Ahhh, the video game debate goes on and on and on and on March 5, 2013
To play or not to play is not the question. Please visit this storify link for the latest and greatest from grannynannycook.
And for the grand finale: Gamifying Education
Augmented Reality (AR) this week’s love interest March 2, 2013
As a school librarian, AR meant Accelerated Reader. More recently, in techno terms, it is an acronym for Augmented Reality. In my brain, the word augmented causes dissonance. Sometimes my twisted mind reads it argumentative reality. Go figure. AR piqued my interest about a month ago while perusing the Alaska Society for Technology in Education (ASTE) 2013 conference program. Looking up info about it was like opening a can of worms. There are a lot of technical descriptions of how AR works, involving terms like triggering and layers. After attending the ASTE conference in Anchorage and experiencing AR personally, here is the way I fit it into my schema.
Augment means extra. In context, AR means adding a little extra to what you are actually viewing. At the conference, there was an art “gallery”/ bulletin boards in a communal area. The displayed art was from students all over Alaska. It could be viewed with extra media added by downloading the AURASMA app on an ipad or iphone (maybe other devices?). There were several Alaska high school students on hand for most of the four day conference to help explain AR to not so techie people like me.
First they helped me download the free AURASMA app, which helps onlookers view the extra stuff associated with each artists work. Once in the app, they helped me find Jason Ohler’s “channel” (collection of images of all the art in the gallery at the conference). Next, they showed me how to use the app which matches the images with media stored on a cloud somewhere. Upon opening the app, four corners appear on the screen like on a digital camera window, or a QR reader. Point the device at a piece of art so it fits within the guides and the app locates the extra stuff which matches the image. For example, pointing the viewer towards a painting of a bird might bring up information on the bird by which the student art was inspired. Another drawing revealed a video played in a fast speed documenting the creation of the piece.
Essentially, students created the art, students created the extra media, Dr. Ohler created the AR connections to view the two media together. The students created and submitted two files, (1) photos of their art and (2) the extra stuff (media files) they wanted to associate with their work, and Ohler made them accessible together with Aurasma.
There was another AR gallery at the conference which required a different app, LAYAR. However, it would not download on my antiquated iphone (yes am trying to update it still). When I asked Dr. Ohler why he chose AURASMA instead of LAYAR, he said because the tech support was awesome, very collaborative folks, and it was free!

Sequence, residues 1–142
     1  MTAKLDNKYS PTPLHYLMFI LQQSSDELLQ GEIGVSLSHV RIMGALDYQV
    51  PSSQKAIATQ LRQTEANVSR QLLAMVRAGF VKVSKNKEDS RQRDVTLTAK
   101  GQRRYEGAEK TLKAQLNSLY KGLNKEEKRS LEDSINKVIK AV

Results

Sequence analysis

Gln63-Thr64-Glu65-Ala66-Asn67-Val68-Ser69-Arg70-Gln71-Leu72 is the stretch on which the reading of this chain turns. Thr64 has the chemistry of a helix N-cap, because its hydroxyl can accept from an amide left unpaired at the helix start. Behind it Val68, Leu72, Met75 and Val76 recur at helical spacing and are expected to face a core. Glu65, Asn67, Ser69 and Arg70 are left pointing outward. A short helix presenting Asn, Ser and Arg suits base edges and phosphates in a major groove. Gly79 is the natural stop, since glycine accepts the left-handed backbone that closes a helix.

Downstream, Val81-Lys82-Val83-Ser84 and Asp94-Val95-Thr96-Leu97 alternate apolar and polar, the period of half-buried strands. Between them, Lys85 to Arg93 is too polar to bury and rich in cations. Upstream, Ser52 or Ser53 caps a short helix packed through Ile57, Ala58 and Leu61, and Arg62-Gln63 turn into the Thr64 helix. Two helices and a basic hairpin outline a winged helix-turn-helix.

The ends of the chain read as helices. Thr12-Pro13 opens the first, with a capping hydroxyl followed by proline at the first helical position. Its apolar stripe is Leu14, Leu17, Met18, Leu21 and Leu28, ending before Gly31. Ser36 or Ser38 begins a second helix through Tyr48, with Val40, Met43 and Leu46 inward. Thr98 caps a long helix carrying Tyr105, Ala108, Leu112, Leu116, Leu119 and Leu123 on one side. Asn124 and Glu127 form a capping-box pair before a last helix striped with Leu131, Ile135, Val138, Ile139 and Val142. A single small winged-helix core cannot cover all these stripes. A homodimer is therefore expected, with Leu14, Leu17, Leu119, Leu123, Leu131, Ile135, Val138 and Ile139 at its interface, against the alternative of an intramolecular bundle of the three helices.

Here are a few resources and some technical lingo, explanations, and applications for AR in education. Of course, you can always look it up on Wikipedia.
- How the students were solicited for the ASTE AR exhibit
- Another simple explanation of AR by an educator
- Ways AR is being used in Education
Many AR links eventyally lead to the Google Glass Project. This link is a quick video of some google glass basics. This “what you need to know” about google glass article will be helpful in understanding the concept. In addition, it explains the difference between google goggles (an app) and google glass (device/hardware). A good question to ask is will your students soon be wearing google glasses? Finally, a practical application for google glasses for those of us who have to take an airplane to get away.
In closing, it is important to remind ourselves that technology is the tool to facilitate learning. This link is a summary of Why It’s Time To Focus On Skills (Not Just Cool Tools) .
P.S. By the time this post was finished, so was the update to the iphone, so all’s well: iOS 6.1.2. Now I can get the Costco app. ♥
Exploring on the diffimooc Highway February 27, 2013
To differentiate the process is HOW to teach the content which has been differentiated (first diffimooc module). Jennipher Willoughby describes it like this: the processes and techniques used to help make sense of a given topic. Here are her suggestions for developing strategies for differentiating instruction based on process:
- Provide access to a variety of materials which target different learning preferences and reading abilities.
- Develop activities that target auditory, visual, and kinesthetic learners.